Rep. Ed Perlmutter announced Monday that he will not run for re-election to his suburban Denver seat in Congress in November, bringing to a close what will be 16 years of service as a moderate Democrat in that position.
“I think some new perspectives would be good for the Congress,” Perlmutter, 68, said in an interview with The Denver Post Monday. “We built a good bench of qualified leaders. They want to take on more responsibility. You want new leadership to rise.”
Dick Wadhams, former chair of the Colorado Republican Party and a political analyst, called Monday’s announcement a “seminal moment” in Colorado politics. Only Democrat Rep. Diana DeGette has been in Congress longer than Perlmutter among the state’s current delegation, while Republican Rep. Doug Lamborn was elected for the first time the same year Perlmutter was — in 2006.
“This is a big deal to have this kind of an incumbent step aside,” Wadhams said. “It shakes up both parties. This is what makes things fun and exciting in Colorado politics.”
Sen. Michael Bennet, a fellow Democrat, on Monday called Perlmutter a “mentor to me throughout my time in Congress.”
“His yard signs read ‘Our neighbor…Our voice,’” Bennet said. “And Ed has always been true to that vision of leadership – whether by working to expand health care to over 500,000 Coloradans, opening the new VA medical center to serve Colorado veterans, or developing renewable energy technologies to fight climate change.”
Perlmutter’s announcement comes as the boundaries of the 7th Congressional District are set to change in November’s election, due to the redistricting effort that took place in 2021 following the decennial census. While still anchored in Jefferson County, the newly configured district will pick up all of or parts of Republican-leaning counties southwest of the metro area, including Teller, Park, Custer and Chaffee counties.
Meanwhile, the new 7th hands over a chunk of Democratic-leaning Adams County to the newly formed 8th Congressional District north of Denver. Still, Colorado’s redistricting commission gives the new 7th Congressional District a 6.9% Democratic advantage for November’s election.
Perlmutter in his email acknowledged that the district’s new configuration would have made his election a “slightly tighter” race in November but he said he was confident he would still have won. But Colorado Republican Party Chair Kristi Burton Brown immediately pounced on the announcement as an acknowledgment that things are set to shift dramatically in the next Congress.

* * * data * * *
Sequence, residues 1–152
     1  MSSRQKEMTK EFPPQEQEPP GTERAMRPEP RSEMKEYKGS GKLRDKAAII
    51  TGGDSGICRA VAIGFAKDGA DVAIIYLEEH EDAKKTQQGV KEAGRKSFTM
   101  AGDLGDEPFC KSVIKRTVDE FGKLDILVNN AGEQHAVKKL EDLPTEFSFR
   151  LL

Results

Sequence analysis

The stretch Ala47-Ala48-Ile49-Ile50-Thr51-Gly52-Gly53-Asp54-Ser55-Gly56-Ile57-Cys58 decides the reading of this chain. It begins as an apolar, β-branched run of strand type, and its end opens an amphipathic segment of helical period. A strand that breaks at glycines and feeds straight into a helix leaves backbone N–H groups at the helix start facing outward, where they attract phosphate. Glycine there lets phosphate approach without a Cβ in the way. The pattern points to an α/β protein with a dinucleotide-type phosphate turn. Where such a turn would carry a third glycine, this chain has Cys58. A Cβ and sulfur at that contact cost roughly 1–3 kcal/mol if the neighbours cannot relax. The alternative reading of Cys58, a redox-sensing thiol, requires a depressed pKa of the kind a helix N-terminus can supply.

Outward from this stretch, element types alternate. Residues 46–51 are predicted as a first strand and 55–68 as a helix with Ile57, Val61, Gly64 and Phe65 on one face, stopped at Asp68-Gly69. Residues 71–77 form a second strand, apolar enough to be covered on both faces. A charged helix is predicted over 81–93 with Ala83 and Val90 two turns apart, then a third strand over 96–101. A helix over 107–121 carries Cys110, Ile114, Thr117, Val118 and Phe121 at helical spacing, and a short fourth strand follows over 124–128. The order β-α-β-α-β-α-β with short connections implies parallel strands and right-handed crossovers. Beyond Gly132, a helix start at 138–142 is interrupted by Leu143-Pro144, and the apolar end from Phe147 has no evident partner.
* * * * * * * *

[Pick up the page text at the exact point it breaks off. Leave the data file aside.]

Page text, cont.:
“Ed Perlmutter knew that he was going to lose in 2022, so instead he made the decision to retire,” she said. “In 2022, Colorado Republicans will win CD-07 and provide that district with a representative who will actually deliver.”
Wadhams said Perlmutter’s quest for a ninth term would have been more difficult given the new district alignment but he had the power of incumbency working for him.
“No one used their incumbency like Ed Perlmutter,” he said.
He suspects the decision may have been as simple as Perlmutter having had enough of the constant back and forth from Colorado to Washington, D.C. And with the possibility of the Democrats losing control of the House next year, that could have helped trigger his decision.
In 2017, Perlmutter announced his intention to step away from Congress to run for governor of Colorado, but then abandoned that plan a few months later. He still said he didn’t seek to return to Congress after giving up on the governor’s mansion but changed his mind again just a few weeks later.
He won back his House seat the next year.
On Monday, Perlmutter said he made his decision to retire about two weeks ago but delayed the announcement after a gunman killed five people across the metro area in a post-Christmas shooting spree. The devastating wildfire in Boulder County a few days later pushed his announcement to the new year.
Perlmutter, who was a state senator for eight years starting in 1995, is a Colorado native and said in his announcement that it was his privilege to serve in public office for 25 years.
“We’ve helped expand renewable energy research at the National Renewable Energy Laboratory, creating thousands of good-paying jobs, (and) helped grow Colorado’s aerospace community, including securing funding for the Orion project and pushing forward with human space exploration,” Perlmutter said.
The congressman also tried repeatedly to get a cannabis banking bill passed in Congress while also playing an instrumental role in getting the VA Medical Center in Aurora planned and built.
On Monday, Perlmutter said he wanted to give special thanks to his staff for all the work they did over the years.
“We were accessible and responsive and worked with everybody and the record reflects that,” he said. “I wanna see them all land well.”
As far as his plans for the future go, Perlmutter said he’s only started to think about that. He may join a law firm or the board of directors of a company.
“Or maybe I’ll be a Walmart greeter or a park ranger,” he said.
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